The Health and Social Care Secretary has written to pharmaceutical companies with contingency plans in the unlikely event of a “no-deal” Brexit.
It was reported in August that two of the world's biggest drugs firms were stockpiling medicines in case of supply disruptions after Brexit.
France's Sanofi were reported to be increasing its stocks by four weeks to give it a 14 week supply of medicines.
Switzerland's Novartis also said they were preparing for the possibility of a “no-deal” Brexit.
The news caused concern for people with diabetes as Sanofi, which makes insulin, said they were worried about any transport delays following Brexit, as most of its supplies have to cross the Channel.
Hugo Fry, Managing Director of Sanofi UK, said: "The uncertainty in the Brexit negotiations means that Sanofi has been planning for a “no deal” scenario.
"Patient safety is our main priority and we have made arrangements for additional warehouse capacity in order to stockpile our products, where global supply allows, in the UK and increase UK-based resource to prepare for any changes to customs or regulatory processes.”
In a letter sent to pharmaceutical companies suppliers were asked to increase their medicines stocks by at least 6 weeks on top of their usual buffer stocks. In addition they should ensure plans are in place to air freight products with a short shelf life that cannot be stockpiled.
In addition separate contingency plans were being developed for suppliers of medical devices and clinical consumables, with stock holding at a national level to be increased.
Further information will be provided to industry in September.
The Department of Health and Social Care has also published additional guidance for the pharmaceutical industry covering batch testing of medicine, life sciences IT system, tobacco-related products, organs, tissues, cells and blood safety and quality standards.
Matt Hancock, Health and Social Care Secretary, said: “The government has made significant progress in negotiations with the EU and remains confident we will leave with a good deal for both sides, that supports existing and future healthcare collaboration.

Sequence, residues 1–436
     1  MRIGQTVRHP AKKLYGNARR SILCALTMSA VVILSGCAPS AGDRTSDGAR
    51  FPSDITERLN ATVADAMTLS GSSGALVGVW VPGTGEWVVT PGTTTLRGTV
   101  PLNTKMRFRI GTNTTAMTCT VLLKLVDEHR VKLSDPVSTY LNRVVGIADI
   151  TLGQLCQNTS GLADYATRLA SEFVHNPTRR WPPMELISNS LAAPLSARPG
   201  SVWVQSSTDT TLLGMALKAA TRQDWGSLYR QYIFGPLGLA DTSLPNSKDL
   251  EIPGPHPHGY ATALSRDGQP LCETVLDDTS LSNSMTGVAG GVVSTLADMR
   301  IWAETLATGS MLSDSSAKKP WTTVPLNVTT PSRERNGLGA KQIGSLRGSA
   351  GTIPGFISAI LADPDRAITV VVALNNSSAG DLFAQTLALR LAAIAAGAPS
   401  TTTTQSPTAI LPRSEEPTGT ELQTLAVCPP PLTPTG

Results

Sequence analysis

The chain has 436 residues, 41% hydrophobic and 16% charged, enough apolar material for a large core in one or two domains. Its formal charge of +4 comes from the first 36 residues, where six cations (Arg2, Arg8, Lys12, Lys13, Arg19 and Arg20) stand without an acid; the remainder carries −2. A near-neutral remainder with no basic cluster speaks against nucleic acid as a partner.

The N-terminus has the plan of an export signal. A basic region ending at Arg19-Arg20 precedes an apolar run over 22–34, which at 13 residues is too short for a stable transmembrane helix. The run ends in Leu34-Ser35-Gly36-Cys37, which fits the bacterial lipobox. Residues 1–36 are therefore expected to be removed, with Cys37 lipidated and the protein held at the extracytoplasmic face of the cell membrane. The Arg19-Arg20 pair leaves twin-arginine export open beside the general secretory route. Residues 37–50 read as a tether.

“However, as a responsible government, we continue to prepare proportionately for all scenarios, including the unlikely outcome that we leave the EU without any deal in March 2019.
“Given the significant amount of work that has now been done, I am confident this gives a clear basis for the health and care sector and the life sciences industry to plan so that patients can continue to receive high-quality care unhindered.”
The Association of Medical Research Charities, of which DRWF is a member, responded to the Brexit “no-deal” notices and letters sent by the Health and Social Care Secretary.
Aisling Burnand, Chief Executive of the Association of Medical Research Charities (AMRC), said: “Publication of the Brexit no-deal contingency planning needed for the life sciences sector is a welcome but overdue step in the drive to make sure that there is no negative impact on patients whatever the final Brexit deal looks like. But there is still more guidance needed for patients, carers and their families.
“Delays at border controls are clearly anticipated in the event of a “no-deal” Brexit. The Secretary of State has written to reassure the public that plans are in place, so patients do not need take action themselves. However, patients, and the medical research charities who support them, will need more clarity that they will still be able to continue to get vital medication in the event of a “no-deal” Brexit.
“Given the tight timeframes, all those affected will need as much support as possible from Government in order to minimise disruption to the development of new treatments, the supply of vital medicines and opportunities to take part in clinical trials.
“We know that we, European patient groups and advocates, all speak with a single voice when we say no one should have their health put at risk by the Brexit deal.”